Schoenberg apparently wrote upon completing his violin concerto, “There we are, another unplayable work for the repertoire!” I see my practical experience as a performer as of huge benefit in my day-to-day work as a composer but it’s true it can make one overcautious. Nevertheless, no performer of my concertante works has ever complained to me of the pieces being too easy, nor do I see much point in consciously writing music that I know to be physically unplayable. For string works at least, I can check myself if something is workable. What has also helped me is the wonderful assistance of colleagues willing to show me the possibilities of their instruments and how well or not a passage may ‘sit’.

You actively swap musical roles and perspectives. Does this help explain the creative tension between composer, performer and listener?

These tensions can indeed be creative, and I find the greater the knowledge base, the more constructive they’ll be. For example, I always encourage young composers to involve themselves, wherever possible, in the act of performance; if not at a sufficient level as an instrumentalist or singer, then as a conductor. Similarly, it’s hugely beneficial for performers to try their hand at composing or improvising and for all musicians to be able to articulate thoughts through written or spoken words; in short, we all need to be more flexible and well-versed in other aspects of the art-form, and avoid building a rigid comfort zone around ourselves.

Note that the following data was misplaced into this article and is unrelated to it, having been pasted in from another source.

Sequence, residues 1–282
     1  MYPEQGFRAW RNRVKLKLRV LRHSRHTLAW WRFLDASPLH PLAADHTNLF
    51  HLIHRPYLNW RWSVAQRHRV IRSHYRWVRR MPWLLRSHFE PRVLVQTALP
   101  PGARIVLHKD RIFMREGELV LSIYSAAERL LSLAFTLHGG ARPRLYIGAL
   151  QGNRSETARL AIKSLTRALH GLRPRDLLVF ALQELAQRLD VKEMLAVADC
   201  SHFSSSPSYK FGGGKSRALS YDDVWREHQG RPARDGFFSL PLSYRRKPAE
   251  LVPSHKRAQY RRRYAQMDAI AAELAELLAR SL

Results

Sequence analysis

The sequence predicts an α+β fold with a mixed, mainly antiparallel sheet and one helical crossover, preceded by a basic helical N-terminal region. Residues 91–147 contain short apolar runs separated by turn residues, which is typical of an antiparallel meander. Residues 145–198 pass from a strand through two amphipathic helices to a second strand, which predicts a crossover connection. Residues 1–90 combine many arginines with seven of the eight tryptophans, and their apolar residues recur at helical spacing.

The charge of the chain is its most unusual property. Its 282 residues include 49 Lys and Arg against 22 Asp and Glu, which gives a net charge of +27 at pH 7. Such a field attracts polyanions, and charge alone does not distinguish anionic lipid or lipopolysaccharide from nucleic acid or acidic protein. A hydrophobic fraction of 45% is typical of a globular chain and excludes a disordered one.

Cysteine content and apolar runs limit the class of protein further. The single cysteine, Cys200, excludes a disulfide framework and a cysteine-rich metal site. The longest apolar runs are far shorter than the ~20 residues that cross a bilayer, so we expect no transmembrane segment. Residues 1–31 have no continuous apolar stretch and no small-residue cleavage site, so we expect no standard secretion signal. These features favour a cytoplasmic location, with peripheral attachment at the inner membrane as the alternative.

With Fire Music joining Water Music and Pastoral Symphony, is there a series emerging?

This brings us back to the opening question, the extent to which the natural world influences my work.
I guess there is a series emerging, but in an occasional and coincidental way as the ideas present themselves, not as part of a planned cycle of works. Shadow Music, Winter Songs and my “Night” pieces could also be included in such a list, and it may of course continue to grow, as my own elemental experiences of the physical world influence my musical expression.

Interviewed by David Allenby, 2011

Brett Dean
Fire Music (2010-11)
for orchestra
Duration: 20 minutes

10/12 November (world premiere)
Konserthuset, Stockholm
Royal Stockholm Philharmonic Orchestra/
Sakari Oramo
Brett Dean Composer Festival (10-16 November)
> Tonsatterfestival 2011

24 February (Australian premiere)
Arts Centre, Melbourne
Australian Ballet/Orchestra Victoria
Choreographer: Graeme Murphy

17 March (UK premiere)
Barbican, London
BBC Symphony Orchestra/David Robertson
Brett Dean Total Immersion day

>  Further information on Work: Fire Music

Photo: Mark Coulson